Northwest Voices | Letters to the Editor
President Obama's early childhood education expansion proposal
Children in difficult home environments need special attention
Why is that no one considers the home and social experiences of young children when discussing educational success and failure [“A worthy push for early education,” Opinion, Feb. 17]? I’m referring to situations of abuse, severe neglect or chaos.
Early learning goals, like all educational strategies, do not offer an effective way to cope with the serious problems that many children are born or thrust into. If we really wanted to improve children’s lives, we would figure out how to get rid of drug abuse. We would address economic inequities. We would have better mental-health care and look at the reasons for the school-to-prison pipeline. Schools need to treat children more like developing human beings than as scores on a report card or standardized test while evaluating teachers by these scores.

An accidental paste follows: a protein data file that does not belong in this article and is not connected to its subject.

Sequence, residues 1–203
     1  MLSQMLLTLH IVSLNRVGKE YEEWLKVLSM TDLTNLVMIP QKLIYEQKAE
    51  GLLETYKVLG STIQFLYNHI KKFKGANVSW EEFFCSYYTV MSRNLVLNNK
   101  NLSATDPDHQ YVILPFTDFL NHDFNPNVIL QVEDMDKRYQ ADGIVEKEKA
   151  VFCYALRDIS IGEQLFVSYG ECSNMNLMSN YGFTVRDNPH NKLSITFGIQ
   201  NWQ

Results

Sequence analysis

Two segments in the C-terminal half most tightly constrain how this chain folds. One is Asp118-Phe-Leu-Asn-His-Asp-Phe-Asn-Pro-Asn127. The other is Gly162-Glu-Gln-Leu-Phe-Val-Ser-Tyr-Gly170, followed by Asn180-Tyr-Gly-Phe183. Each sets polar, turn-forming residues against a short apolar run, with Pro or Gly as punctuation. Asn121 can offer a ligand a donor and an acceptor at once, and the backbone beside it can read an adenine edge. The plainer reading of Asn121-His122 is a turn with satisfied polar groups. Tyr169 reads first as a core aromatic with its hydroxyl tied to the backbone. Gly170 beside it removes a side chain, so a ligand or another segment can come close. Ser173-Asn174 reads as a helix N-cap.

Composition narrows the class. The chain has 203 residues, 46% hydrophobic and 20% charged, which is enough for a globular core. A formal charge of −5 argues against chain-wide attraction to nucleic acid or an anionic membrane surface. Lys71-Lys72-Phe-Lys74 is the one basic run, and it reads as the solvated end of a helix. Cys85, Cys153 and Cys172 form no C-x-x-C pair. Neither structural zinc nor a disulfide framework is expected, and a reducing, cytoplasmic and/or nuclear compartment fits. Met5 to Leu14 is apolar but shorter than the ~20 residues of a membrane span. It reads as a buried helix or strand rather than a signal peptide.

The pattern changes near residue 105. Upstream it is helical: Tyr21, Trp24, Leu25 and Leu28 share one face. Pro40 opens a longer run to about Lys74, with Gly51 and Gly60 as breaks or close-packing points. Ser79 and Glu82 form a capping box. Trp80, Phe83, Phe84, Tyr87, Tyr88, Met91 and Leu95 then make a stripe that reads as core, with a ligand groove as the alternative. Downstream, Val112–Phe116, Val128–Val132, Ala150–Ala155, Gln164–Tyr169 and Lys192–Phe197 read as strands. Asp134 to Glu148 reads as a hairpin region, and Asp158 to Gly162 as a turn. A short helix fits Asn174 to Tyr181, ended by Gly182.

I have worked in K-8 schools and also once worked in a child crisis nursery, where children (babies and up to age 7 or 8) were literally dumped by parents or the system. Many were already ruined — there is no other word for it. If you are familiar with Department of Social and Health Services cases, you will understand. It is easy to pontificate from the outside.
When we wonder about school shooters, before the worst happening, who has taken the time to get to know them, to learn about and care for their inner struggles, much less obtain counseling? The world will never be perfect, of course, but we could do better!
--Kathryn Keve, Bainbridge Island